FROM R.C. Sproul Oct 30, 2019
The doctrine of justification is the most controversial issue in the history of Christendom. It was the material cause of the Protestant Reformation, the issue that led to the most serious fragmentation of the Christian church in its history. The debates it raised in the sixteenth century were not over minor details of theology. Both the Roman Catholic Church and the Protestant Reformers understood that what was at stake in the controversy was nothing less than the gospel itself. When, at the Council of Trent in the middle of the sixteenth century, the leaders of the Roman Catholic Church condemned the Reformed doctrine of justification by faith alone and placed their anathema upon it, it was not their intention to place an anathema on the gospel. But if the Reformers were right, then that is exactly what they did, and they thereby anathematized themselves.
Luther declared in the sixteenth century that the doctrine of justification by faith alone is the article upon which the church stands or falls. Calvin used a different metaphor; he said it is the hinge upon which everything turns. At one point, when Luther was engaged in debate with Desiderius Erasmus of Rotterdam, Erasmus turned on Luther and attacked his position. Luther thanked Erasmus for not attacking him on trivial matters and expressed his appreciation that the debate in which they were engaged touched the very heart of the church itself. If Luther’s assessment is true, and justification is the article upon which the church stands or falls, then it follows that justification is the article upon which we stand or fall as individuals. Justification has to do with the justice and righteousness of God. God is just. Biblically, justice is always defined in connection with righteousness. To say that one is just is at the same time to say that one is righteous.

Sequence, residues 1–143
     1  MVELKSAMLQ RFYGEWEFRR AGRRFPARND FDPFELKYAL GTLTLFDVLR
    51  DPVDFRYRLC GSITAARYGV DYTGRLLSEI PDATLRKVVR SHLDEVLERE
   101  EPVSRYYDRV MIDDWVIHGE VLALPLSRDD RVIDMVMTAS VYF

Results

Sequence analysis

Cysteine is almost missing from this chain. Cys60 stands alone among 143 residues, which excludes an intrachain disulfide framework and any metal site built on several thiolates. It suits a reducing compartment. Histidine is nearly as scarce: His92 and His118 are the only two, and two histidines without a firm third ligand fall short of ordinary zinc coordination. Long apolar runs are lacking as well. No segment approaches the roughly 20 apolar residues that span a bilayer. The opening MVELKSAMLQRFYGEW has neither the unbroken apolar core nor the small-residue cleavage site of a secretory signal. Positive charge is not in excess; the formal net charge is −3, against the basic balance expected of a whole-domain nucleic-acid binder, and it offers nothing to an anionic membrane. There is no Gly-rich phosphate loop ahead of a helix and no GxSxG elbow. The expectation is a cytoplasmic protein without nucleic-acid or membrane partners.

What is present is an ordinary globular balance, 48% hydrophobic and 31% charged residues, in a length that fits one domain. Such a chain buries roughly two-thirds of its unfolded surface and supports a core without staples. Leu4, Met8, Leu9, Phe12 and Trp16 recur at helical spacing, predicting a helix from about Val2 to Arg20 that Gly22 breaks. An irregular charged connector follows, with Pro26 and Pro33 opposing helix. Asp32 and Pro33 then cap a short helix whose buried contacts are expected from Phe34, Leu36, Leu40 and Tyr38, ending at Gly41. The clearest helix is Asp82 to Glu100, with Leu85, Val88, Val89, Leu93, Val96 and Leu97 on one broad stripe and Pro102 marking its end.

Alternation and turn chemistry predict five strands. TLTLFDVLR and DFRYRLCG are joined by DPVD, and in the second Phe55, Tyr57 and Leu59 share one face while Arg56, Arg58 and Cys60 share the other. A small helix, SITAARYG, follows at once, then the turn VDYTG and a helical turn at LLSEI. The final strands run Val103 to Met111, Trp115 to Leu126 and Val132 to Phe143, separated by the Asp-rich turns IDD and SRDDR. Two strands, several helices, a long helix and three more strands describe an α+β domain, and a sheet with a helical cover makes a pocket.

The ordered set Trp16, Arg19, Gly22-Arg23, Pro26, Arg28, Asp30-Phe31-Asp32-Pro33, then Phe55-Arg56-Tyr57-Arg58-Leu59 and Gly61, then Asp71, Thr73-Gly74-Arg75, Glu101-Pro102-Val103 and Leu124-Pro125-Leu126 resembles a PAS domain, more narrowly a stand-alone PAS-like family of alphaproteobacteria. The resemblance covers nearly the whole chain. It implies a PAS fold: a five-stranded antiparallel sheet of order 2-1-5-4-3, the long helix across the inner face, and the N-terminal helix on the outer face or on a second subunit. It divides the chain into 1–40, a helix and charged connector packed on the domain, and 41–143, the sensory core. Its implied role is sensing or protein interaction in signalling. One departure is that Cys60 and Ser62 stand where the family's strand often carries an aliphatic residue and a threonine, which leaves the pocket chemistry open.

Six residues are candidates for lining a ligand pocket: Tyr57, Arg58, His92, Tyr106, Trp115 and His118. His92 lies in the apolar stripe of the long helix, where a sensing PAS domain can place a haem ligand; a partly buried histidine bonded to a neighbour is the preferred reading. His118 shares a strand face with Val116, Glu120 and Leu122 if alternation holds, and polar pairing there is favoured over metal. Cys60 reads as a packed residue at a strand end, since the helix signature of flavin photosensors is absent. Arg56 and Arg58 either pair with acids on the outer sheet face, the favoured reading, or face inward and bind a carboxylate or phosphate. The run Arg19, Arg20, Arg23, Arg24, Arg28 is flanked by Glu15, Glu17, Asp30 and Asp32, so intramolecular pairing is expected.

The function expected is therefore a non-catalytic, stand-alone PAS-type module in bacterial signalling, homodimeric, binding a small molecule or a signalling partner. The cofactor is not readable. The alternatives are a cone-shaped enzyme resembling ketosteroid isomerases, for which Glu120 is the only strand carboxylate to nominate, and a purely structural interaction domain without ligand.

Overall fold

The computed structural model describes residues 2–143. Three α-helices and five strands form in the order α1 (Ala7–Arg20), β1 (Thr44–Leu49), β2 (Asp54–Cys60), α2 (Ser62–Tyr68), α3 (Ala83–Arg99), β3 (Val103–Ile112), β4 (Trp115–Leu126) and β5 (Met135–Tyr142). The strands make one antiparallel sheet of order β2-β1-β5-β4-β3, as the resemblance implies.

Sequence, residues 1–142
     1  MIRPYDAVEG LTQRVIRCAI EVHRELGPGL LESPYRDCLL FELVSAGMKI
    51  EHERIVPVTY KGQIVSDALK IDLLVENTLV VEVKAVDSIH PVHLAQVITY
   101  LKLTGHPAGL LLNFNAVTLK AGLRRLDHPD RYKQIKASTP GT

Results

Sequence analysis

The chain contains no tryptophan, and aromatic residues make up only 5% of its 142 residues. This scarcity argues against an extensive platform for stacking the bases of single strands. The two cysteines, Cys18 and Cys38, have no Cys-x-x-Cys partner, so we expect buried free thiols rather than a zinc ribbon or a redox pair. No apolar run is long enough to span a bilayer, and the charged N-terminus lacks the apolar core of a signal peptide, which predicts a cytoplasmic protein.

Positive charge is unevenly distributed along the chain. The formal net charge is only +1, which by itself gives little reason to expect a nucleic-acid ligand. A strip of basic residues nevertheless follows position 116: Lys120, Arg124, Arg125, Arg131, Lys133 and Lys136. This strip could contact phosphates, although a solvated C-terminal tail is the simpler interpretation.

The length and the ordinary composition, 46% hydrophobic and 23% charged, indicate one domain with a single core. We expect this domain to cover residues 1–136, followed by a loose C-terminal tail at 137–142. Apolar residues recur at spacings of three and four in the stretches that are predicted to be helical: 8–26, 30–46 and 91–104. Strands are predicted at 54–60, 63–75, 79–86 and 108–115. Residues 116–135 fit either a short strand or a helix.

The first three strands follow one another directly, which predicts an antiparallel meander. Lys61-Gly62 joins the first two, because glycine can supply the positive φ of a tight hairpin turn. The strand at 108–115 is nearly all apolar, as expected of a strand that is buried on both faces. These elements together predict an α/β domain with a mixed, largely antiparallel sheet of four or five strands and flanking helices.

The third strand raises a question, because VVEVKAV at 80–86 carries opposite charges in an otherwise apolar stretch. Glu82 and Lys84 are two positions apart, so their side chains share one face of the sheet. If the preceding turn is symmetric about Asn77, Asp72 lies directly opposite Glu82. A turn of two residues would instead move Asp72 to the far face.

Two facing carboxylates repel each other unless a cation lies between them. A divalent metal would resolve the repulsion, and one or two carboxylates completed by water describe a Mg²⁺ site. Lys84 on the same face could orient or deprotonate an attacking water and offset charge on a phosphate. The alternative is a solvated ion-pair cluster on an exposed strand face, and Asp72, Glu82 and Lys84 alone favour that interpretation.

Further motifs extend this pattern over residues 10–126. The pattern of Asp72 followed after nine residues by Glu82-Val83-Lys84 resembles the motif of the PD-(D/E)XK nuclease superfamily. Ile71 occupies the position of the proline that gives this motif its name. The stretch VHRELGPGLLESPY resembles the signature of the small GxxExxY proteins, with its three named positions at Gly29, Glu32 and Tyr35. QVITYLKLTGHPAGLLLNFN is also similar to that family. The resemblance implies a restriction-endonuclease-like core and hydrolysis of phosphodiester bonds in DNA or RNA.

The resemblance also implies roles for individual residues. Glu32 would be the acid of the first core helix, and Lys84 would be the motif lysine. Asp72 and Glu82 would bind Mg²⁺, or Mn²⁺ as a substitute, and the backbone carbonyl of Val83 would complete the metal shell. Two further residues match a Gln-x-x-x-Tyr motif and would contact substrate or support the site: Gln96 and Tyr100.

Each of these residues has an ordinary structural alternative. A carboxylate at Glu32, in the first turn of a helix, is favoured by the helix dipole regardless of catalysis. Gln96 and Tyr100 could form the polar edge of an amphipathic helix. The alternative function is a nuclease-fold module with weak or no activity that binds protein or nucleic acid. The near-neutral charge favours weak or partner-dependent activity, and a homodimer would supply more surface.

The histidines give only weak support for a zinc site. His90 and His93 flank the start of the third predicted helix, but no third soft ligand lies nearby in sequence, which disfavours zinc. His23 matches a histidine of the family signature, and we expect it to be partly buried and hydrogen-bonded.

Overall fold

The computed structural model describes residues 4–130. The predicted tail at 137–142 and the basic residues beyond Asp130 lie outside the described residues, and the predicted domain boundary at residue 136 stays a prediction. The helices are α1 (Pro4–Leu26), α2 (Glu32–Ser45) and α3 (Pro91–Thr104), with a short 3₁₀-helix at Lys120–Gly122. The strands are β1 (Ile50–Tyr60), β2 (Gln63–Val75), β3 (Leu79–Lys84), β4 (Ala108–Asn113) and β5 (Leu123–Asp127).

God is the absolute standard of all righteousness. As our Creator, He is also the supreme, sovereign judge of heaven and earth. The Bible clearly indicates that the One who is the judge of all is Himself perfectly just and righteous.
In one sense, that is very good news for us. To live in a world governed by an unjust being would be a dreadful thing to contemplate. We would have no hope for the ultimate triumph of justice in such a world. So it is good news for us that the ruler and judge of all things is Himself good and righteous.
In another sense, that is very bad news for us, because we are not just. The Scriptures make it clear that this just and righteous God has appointed a day in which He will judge the world, including all of us who are not just and righteous.
People today hardly get exercised about the doctrine of justification, which was a matter for which our forefathers were willing to die, and many did die. In Oxford, England, in the sixteenth century, Nicholas Ridley and Hugh Latimer were burned at the stake for their confessed faith in the Reformation doctrines, including the doctrine of justification by faith alone. On a particular street in Oxford, a tiny sign marks the spot where they were executed. I watched people cross the street paying no attention to the mark or to the commemorative plaque. Although people today do not get exercised about a doctrine like justification, it was the issue that changed the whole Western world in the sixteenth century.